WASHINGTON — The 2010 elections turned into a rout of the Democrats because the elderly and wealthy surged to the polls to help sweep the Republicans back into power, and the balance of women's votes shifted to the GOP as well, according to a new report.
The study released Monday by Project Vote, a nonpartisan, nonprofit group, also found that turnout by pro-Democratic blocs such as African-Americans, young people and Latinos dropped sharply from 2008 levels, leaving a lopsided pro-Republican electorate to dominate the national landscape.
Most of these trends are normal in nonpresidential elections, because presidential campaigns galvanize broader turnout trends. In most ways, turnout in 2010 was similar to the last midterm election in 2006.
However, one striking development helped Democrats in a few races: Hispanic voting surged in several states, helping Democrats win hotly contested Senate races in California, Colorado and Nevada.
Perhaps the most significant point about voter turnout in 2010 is how many voters didn't vote. Some 38 percent of eligible voters didn't vote in 2008. This November, 33 percent of those who voted in 2008 stayed home, which means that "nonvoters were the majority in 2010," the report said.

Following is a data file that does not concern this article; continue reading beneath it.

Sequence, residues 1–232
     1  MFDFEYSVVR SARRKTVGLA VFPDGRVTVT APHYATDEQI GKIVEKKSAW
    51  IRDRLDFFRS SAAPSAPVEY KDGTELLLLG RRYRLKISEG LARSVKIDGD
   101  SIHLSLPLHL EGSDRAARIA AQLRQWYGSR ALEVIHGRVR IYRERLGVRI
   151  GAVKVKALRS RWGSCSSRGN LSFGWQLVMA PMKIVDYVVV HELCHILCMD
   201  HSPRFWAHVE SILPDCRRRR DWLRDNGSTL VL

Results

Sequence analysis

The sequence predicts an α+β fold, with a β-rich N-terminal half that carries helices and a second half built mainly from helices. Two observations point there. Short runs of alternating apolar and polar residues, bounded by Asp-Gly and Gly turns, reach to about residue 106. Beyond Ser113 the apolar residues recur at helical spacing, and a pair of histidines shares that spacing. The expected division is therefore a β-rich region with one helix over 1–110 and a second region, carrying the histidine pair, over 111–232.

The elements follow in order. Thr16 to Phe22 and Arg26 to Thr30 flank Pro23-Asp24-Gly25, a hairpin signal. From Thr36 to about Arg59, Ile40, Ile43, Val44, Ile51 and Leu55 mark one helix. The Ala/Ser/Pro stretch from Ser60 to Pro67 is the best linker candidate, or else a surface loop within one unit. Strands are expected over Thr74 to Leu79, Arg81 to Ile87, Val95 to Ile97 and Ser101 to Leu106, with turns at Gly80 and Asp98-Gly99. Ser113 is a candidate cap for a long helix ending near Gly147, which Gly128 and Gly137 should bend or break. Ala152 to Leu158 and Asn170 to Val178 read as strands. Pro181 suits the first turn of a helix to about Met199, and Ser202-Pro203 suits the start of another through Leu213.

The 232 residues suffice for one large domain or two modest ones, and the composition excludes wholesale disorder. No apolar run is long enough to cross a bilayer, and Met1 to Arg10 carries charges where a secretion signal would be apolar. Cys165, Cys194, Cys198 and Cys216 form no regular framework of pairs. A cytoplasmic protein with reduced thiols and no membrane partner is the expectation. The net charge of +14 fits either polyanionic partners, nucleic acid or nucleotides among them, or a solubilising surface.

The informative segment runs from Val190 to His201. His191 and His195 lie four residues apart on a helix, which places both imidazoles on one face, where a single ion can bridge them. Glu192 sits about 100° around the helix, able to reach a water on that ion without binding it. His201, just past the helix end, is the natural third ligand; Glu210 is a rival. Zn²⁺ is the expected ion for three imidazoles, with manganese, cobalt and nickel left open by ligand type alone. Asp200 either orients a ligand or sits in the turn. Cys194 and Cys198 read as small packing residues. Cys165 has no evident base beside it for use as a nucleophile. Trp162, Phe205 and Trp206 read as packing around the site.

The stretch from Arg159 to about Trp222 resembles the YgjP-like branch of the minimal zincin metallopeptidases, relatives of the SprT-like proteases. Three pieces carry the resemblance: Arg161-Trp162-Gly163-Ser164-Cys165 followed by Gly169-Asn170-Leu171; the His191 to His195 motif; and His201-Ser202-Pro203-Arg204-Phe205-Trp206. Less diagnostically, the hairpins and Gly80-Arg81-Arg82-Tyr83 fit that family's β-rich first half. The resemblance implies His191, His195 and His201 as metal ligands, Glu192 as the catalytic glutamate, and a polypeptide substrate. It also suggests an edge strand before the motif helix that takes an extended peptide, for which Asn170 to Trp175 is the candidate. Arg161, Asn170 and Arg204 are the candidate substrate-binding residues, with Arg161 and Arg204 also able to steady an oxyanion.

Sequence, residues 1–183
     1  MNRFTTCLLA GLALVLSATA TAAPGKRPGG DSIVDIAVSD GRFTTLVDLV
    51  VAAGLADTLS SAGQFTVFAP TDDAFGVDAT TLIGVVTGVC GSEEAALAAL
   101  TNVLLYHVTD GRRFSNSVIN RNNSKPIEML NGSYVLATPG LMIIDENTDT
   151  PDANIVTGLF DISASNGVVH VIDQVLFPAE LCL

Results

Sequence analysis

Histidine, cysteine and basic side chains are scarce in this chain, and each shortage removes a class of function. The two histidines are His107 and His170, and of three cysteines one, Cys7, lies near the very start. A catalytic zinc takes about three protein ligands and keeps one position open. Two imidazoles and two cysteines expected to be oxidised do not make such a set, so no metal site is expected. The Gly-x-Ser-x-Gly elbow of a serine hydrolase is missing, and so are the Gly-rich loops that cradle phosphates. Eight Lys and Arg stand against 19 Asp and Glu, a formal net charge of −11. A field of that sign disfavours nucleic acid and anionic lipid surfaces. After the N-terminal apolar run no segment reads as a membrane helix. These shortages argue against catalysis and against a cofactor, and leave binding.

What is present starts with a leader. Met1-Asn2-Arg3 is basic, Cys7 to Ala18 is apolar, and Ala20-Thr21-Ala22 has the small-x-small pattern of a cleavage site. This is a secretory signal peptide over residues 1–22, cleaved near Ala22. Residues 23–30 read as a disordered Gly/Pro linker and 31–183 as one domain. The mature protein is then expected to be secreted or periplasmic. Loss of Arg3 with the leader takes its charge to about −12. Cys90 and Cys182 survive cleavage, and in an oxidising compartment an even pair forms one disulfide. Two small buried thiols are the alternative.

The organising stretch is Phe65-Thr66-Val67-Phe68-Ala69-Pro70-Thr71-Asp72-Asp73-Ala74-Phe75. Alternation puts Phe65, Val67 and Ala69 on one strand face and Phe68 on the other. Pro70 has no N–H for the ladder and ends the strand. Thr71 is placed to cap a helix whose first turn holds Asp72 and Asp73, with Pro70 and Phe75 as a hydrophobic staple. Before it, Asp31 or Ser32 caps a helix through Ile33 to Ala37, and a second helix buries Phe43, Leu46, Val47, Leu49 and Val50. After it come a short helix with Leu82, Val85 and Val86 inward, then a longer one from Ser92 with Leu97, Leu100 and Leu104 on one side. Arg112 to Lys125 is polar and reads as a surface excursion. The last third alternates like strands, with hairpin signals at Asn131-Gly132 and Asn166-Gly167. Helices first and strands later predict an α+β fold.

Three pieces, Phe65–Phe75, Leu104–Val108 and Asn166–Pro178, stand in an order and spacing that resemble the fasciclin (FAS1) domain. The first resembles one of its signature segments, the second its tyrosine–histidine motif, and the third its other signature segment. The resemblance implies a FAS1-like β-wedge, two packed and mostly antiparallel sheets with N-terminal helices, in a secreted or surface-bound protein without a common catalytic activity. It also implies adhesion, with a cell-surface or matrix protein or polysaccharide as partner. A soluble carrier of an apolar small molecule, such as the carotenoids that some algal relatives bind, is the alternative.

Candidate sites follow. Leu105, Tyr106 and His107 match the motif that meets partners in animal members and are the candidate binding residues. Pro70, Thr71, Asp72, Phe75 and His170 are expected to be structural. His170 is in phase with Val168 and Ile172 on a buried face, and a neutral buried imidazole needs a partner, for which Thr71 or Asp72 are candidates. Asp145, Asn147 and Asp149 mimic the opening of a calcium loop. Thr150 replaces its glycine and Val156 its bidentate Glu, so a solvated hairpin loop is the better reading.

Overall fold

Compared with 2008, voting dropped off this year particularly among pro-Democratic groups:
- Young voters were down by 55 percent.
- African-Americans were down by 43 percent.
- Hispanics were down by 40 percent.
Of those voters who did show up this year, 4 out of 5 were white, 1 in 10 was African-American and 1 in 13 was Latino. The analysis is based primarily on exit poll data and preliminary estimates from the U.S. Elections Project.
Senior citizens turned out in force — their turnout was 16 percent higher than in the last midterm election of 2006, and 59 percent of them voted Republican, up 10 percentage points from 2006. While voters 65 and older are about 13 percent of the U.S. population, they made up 21 percent of this year's electorate.
Rich people voted heavily too. Total ballots cast by people making $200,000 a year or more expanded by 68 percent over 2006, the study found. Those making from $100,000 to $200,000 cast 11 percent more ballots than they did in 2006. The share of the vote declined for those making less than $50,000 annually.
"It is fair to say that 2010 was the year of older, rich people," the study said.
It's also fair to say that they tilted Republican more than the expanded electorate of the 2008 presidential campaign. For example, this year fully 41 percent of voters said they supported the tea party movement.
Women voters' turnout surged significantly over 2006 as well — and the traditional gender gap vanished. In 2006, women voted Democratic by 55 percent to 43 percent for Republicans. This year, women voted 49 percent for Republicans and 48 percent for Democrats.
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